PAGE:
Whether the antibody reacts with the antigen on the cell or reacts with antigen before it interacts with the cellIN TYPE II HYPERSENSITIVITY-- (or cytotoxic hypersensitivity) the antibodies produced by the immune response bind to antigens on the patients own cell surfaces. The antigens recognized in this way may either be intrinsic (self antigen, innately part of the patients cells) or extrinsic (adsorbed onto the cells during exposure to some foreign antigen, possibly as part of infection with a pathogen). These cells are recognized by macrophages or dendritic cells, which act as antigen-presenting cells. This causes a B cell response, wherein antibodies are produced against the foreign antigen. An example of type II hypersensitivity is the reaction to penicillin wherein the drug can bind to red blood cells, causing them to be recognized as different; B cell proliferation will take place and antibodies to the drug are produced. IgG and IgM antibodies bind to these antigens to form complexes that activate the classical pathway of complement activation to eliminate cells presenting foreign antigens (which are usually, but not in this case, pathogens). That is, mediators of acute inflammation are generated at the site and membrane attack complexes cause cell lysis and death. The reaction takes hours to a day. Another form of type II hypersensitivity is called antibody-dependent cell-mediated cytotoxicity (ADCC). Here, cells exhibiting the foreign antigen are tagged with antibodies (IgG or IgM). These tagged cells are then recognised by natural killer (NK) cells and macrophages (recognised via IgG bound (via the Fc region) to the effector cell surface receptor, CD16 (FcRIII)), which in turn kill these tagged cells. TYPE III HYPERSENSITIVITY --occurs when antigens and antibodies (IgG or IgM) are present in roughly equal amounts, causing extensive cross-linking. Presentation Type III hypersensitivity occurs when there is little antibody and an excess of antigen, leading to small immune complexes being formed that do not fix complement and are not cleared from the circulation. It is characterized by solvent antigens that are not bound to cell surfaces (which is the case in type II hypersensitivity). When these antigens bind antibodies, immune complexes of different sizes form. Large complexes can be cleared by macrophages but, comparatively macrophages have difficulty in the disposal of small immune complexes. These immune complexes insert themselves into small blood vessels, joints, and glomeruli, causing symptoms. Unlike the free variant, a small immune complex bound to sites of deposition (like blood vessel walls) are far more capable of interacting with complement; these medium-sized complexes, formed in the slight excess of antigen, are viewed as being highly pathogenic. Such depositions in tissues often induce an inflammatory response, and can cause damage wherever they precipitate. The cause of damage is as a result of the action of cleaved complement anaphylotoxins C3a and C5a, which, respectively, mediate the induction of granule release from mast cells (from which histamine can cause urticaria), and recruitment of inflammatory cells into the tissue (mainly those with lysosomal action, leading to tissue damage through frustrated phagocytosis by PMNs and macrophages) The reaction can take hours, days, or even weeks to develop, depending on whether or not there is immunlogic memory of the precipitating antigen. Typically, clinical features emerge a week following initial antigen challenge, when the deposited immune complexes can precipitate an inflammatory response. Because of the nature of the antibody aggregation, tissues that are associated with blood filtration at considerable osmotic and hydrostatic gradient (e.g. sites of urinary and synovial fluid formation, kidney glomeruli and joint tissues respectively) bear the brunt of the damage. Hence, vasculitis, glomerulonephritis and arthritis are commonly-associated conditions as a result of type III hypersensitivity responses As observed under methods of histopathology, acute necrotizing vasculitis within the affected tissues is observed concomitant to neutrophilic infiltration, along with notable eosinophilic deposition (FIBRINOID NECROSIS). Often, immunofluorescence microscopy can be used to visualize the immune complexes. Skin response to a hypersensitivity of this type is referred to as an ARTHUS REACTION, and is characterized by local erythema and some induration. Platelet aggregation, especially in microvasculature, can cause localized clot formation, leading to blotchy hemorrhages. This typifies the response to injection of foreign antigen sufficient to lead to the condition of SERUM SICKNESS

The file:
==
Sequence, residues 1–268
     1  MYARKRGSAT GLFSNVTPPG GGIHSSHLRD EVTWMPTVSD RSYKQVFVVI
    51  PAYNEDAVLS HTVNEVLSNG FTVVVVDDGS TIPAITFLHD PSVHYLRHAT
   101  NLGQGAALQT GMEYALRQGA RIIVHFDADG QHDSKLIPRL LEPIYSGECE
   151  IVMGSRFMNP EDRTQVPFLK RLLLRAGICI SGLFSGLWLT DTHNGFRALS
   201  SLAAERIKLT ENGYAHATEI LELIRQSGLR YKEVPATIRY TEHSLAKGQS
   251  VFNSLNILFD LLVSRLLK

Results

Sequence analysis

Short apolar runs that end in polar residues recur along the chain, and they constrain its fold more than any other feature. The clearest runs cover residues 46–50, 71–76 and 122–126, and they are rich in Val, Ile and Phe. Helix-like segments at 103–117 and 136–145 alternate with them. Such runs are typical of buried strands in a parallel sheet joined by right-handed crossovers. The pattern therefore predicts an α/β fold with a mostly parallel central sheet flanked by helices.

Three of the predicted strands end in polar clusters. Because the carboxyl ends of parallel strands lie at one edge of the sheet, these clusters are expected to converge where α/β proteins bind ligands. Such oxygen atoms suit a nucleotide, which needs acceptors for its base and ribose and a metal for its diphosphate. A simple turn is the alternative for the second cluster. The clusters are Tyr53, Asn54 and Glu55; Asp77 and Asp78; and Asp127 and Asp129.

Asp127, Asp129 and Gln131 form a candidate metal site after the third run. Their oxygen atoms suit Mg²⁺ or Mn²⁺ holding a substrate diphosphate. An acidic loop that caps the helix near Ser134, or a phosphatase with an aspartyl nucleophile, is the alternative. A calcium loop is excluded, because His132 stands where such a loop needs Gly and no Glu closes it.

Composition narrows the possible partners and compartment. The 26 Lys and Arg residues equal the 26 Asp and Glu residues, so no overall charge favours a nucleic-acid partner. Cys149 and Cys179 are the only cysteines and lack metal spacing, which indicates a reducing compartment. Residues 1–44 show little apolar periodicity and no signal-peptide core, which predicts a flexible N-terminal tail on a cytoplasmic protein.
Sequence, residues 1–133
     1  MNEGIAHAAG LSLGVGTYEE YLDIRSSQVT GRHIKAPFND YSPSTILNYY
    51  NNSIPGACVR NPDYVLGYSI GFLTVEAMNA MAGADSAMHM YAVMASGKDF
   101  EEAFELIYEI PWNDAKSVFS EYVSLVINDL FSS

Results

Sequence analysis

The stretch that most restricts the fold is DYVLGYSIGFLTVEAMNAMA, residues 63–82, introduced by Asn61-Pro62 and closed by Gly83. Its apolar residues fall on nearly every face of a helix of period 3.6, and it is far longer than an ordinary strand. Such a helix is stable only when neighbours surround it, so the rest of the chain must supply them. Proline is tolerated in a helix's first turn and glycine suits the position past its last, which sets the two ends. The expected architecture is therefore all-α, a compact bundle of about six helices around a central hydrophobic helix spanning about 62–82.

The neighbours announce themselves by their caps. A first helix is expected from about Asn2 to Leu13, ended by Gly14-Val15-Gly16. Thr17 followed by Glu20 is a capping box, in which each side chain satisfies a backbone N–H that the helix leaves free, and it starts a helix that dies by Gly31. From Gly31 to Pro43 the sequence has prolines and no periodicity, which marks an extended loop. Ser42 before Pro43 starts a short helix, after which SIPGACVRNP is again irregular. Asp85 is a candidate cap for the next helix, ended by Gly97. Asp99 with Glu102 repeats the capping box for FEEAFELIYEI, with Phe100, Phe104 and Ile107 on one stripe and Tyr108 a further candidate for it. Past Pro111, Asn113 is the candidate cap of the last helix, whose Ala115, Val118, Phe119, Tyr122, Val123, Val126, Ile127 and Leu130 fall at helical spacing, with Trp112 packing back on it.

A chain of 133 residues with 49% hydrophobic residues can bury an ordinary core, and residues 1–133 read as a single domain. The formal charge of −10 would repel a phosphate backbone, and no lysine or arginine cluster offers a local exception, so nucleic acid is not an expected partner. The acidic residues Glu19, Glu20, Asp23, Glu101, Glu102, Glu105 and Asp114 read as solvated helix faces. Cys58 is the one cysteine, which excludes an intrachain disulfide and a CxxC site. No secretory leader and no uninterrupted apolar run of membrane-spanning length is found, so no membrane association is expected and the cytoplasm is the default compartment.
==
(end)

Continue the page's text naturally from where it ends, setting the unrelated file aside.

• What is the principle difference between type II and type III hypersensitivity?